The best training course?

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Hi everyone,
I've lurked here long enough to catch the conversation on not hiring a
nobody off the street lacking credentials, so the question becomes:
Who offers the best correspondence course? Best in terms of, most likely
to be received well by professionals already out there? And why? Price,
quality of training, and comprehensiveness of training are all factors
to be weighed and judged, yes?
Reply to
Chuck M.
I am reminded of a story.. a man wanted a job as a carpenter.. and heard that a certain individual was hiring..and went to see him as he was working..
the old man, asked the guy to hold some nails for him as they talked, and they talked about EVERYTHING but carpentry..
the old man asked for the nails back, and said I believe you are hired.. I will give you a chance at it..
the guy wanting the job said HOW do you know I ca do carpentry- you never asked a question?
the old man said.. look at the nails you handed back to me.. and opened his hand.. all the heads were turned to the same end..and the guy did it without thinking.. he showed unconsciously, he was indeed a carpenter..
MY advice is if you do NOT have a good interest in mechanical areas..then, look at other occupations.. I have 2 towns near me, BOTH big enough to support a full time locksmith, and neither can keep one..There has been too many 'read the ad, make a ton of money with this home study course' come in, and fall flat on their face QUICKLY, and close.. they looked at it as 'take this course' look at me now I ARE ONE!. and lose their shirt..not realizing the intense mechanical background (and a LOT of common sense in some areas) needed --Shiva--
Reply to
I took one of those courses in 1995. Can't even remember the name of it. I did not have the idea of "Now I completed the course-no I am one." As a matter of fact, I was insecure about even being called "a locksmith". It was stated in the notes of the course I took that the best way was to get in at entry level in a shop.
A local wanted 800.00 up front and told me that within 6 weeks of me paying him, I would be able to run my own business. Forget that.
I've been in business officially for 3 years now, but did alot on the side since 95.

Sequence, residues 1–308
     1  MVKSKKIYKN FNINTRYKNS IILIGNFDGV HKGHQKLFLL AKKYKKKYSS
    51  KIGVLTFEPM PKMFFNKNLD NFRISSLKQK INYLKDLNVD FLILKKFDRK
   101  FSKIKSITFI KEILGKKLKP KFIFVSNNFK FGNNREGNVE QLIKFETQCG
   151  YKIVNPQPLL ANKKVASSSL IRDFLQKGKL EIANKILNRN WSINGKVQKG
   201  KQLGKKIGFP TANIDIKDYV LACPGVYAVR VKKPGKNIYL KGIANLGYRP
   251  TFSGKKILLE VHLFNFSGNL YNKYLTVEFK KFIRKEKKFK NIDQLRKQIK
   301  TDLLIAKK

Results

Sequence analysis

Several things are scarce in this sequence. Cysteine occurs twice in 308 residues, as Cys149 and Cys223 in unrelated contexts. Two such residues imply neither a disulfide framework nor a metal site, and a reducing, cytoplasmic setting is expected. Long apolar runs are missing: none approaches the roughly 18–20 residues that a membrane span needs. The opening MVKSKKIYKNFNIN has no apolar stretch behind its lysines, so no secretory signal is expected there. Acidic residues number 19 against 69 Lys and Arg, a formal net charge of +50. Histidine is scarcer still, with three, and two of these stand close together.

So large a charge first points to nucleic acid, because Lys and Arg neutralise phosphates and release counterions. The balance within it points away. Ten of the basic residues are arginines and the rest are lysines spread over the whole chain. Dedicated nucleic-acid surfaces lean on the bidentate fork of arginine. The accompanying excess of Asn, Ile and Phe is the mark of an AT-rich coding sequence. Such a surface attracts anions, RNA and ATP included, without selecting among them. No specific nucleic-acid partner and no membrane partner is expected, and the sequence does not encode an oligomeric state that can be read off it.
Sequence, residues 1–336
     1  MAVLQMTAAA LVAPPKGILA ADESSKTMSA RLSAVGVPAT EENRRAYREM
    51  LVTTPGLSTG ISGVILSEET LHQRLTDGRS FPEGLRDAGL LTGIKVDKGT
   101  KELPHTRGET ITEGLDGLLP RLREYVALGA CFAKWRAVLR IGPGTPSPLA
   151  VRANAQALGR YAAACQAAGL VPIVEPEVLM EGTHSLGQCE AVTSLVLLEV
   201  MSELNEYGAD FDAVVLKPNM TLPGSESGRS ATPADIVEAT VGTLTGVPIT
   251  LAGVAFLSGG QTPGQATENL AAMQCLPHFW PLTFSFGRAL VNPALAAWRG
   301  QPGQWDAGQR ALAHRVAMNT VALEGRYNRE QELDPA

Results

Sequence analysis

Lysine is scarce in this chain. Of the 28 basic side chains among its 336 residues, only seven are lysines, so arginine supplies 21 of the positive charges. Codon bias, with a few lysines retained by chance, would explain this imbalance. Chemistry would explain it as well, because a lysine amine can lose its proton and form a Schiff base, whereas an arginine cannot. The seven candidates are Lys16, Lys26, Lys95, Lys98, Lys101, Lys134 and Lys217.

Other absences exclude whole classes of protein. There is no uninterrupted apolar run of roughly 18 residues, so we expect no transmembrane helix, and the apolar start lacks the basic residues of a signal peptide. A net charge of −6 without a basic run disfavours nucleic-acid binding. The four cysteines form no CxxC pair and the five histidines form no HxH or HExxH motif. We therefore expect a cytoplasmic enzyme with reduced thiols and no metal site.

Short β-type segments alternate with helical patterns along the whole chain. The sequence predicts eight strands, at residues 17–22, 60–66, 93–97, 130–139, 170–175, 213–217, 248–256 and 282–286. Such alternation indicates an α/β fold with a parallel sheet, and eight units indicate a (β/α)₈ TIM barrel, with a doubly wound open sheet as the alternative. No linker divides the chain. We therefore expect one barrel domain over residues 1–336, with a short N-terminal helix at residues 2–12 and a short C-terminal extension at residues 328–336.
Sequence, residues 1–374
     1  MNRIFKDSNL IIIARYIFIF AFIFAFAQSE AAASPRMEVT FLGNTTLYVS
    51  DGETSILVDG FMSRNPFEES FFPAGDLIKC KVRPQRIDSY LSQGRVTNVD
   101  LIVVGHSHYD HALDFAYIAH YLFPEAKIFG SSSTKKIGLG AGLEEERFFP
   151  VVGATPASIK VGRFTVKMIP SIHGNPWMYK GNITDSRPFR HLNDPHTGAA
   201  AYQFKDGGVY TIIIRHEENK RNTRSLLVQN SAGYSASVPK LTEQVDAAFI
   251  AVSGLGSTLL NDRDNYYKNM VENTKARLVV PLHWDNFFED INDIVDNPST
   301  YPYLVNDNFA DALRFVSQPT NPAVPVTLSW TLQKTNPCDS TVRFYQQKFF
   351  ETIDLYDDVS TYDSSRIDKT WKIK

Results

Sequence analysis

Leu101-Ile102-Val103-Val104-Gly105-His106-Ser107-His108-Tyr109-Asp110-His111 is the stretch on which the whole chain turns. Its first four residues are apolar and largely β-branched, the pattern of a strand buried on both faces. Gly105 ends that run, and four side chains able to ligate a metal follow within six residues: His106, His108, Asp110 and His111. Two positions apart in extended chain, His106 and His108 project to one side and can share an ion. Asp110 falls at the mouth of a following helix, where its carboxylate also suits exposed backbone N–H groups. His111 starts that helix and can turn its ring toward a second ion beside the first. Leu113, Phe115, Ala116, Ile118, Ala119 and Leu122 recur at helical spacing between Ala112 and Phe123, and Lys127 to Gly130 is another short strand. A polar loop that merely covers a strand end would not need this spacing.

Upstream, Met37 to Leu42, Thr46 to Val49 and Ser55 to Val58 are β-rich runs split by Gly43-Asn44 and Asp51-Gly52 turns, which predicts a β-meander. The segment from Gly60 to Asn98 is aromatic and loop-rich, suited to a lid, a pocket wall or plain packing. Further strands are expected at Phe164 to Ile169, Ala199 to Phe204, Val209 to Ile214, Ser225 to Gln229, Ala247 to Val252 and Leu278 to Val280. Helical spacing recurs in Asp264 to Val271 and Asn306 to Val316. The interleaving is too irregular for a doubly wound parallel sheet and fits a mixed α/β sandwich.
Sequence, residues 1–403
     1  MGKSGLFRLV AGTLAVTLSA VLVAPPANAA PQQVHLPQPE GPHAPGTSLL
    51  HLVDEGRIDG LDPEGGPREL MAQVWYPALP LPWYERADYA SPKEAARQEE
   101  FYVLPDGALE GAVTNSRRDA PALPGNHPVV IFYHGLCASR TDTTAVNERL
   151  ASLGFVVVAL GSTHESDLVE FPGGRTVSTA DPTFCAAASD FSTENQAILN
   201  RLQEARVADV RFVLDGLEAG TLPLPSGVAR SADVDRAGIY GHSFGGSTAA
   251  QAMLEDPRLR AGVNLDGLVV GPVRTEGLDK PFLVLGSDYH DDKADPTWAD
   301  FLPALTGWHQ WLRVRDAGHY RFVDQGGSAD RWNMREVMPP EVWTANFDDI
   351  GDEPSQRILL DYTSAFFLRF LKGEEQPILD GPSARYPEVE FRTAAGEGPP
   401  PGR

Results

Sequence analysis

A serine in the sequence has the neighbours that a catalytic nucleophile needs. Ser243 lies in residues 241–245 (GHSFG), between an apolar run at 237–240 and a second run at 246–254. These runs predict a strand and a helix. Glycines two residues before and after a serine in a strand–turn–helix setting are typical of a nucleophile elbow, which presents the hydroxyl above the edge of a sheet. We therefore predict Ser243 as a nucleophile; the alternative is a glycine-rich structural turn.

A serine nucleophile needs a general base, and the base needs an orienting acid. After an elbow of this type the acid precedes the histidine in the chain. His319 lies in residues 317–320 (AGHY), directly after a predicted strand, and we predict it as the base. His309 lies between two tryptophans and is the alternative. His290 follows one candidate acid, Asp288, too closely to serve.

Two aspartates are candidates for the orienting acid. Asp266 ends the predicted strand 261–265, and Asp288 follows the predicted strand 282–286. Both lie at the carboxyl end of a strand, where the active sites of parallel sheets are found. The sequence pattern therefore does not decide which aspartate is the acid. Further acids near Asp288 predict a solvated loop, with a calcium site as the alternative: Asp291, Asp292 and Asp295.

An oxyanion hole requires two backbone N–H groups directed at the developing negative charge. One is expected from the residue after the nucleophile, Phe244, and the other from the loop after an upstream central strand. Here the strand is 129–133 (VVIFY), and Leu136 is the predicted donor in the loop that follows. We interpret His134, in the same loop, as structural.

I also had a machine tool course at a state college, and majored in machine shop and wood shop in high school. I've made alot of my own tools, and I don't fall for "Opens every lock" and "this book is always right".
I would suggest Lockmasters, as that is one that a retired locksmith told me about years ago.
I hope to have a course from there in May of this year.
There was a guy here locally who took the FB course and got started. I called him one day about some blanks for padlocks-he said he did'nt mess with padlocks at all. All he did (And all he wanted to do)was open cars and copy keys. He did'nt last long. He took the 1000.00 he made for the year and went to an Angels game-LOL Then closed up when he got back.
good luck, goma.
Reply to
last one i heard about, 15 miles away, spent 5 hours trying to figure out how to get a door knob OFF the handleset..he couldn't find the little spot to push the pin in.. the sun wasn't shining..
Reply to
I had one like that-but did'nt take me 5 hours.I had the key and knew where the retainer was.Could not budge it. Totally corroded on. I ended up taking the panic bar off. Figured out later I could have tapped it with a punch-You learn.
Reply to
seen that as well..
how about a BRAND NEW installation.. 2 months old and ALREADY pretty well corroded.. --Shiva--
Reply to
Want to see a blank look? Find a Foley Belsaw graduate. Ask if he's certified. Big smile. "Yep, I be a Sertifeyed Locksmith". And then ask "certified, meaning what?" Then just enjoy the blank look.
The usual answer is "well, I don't know, but they do it right through the course".
Reply to
Stormin Mormon

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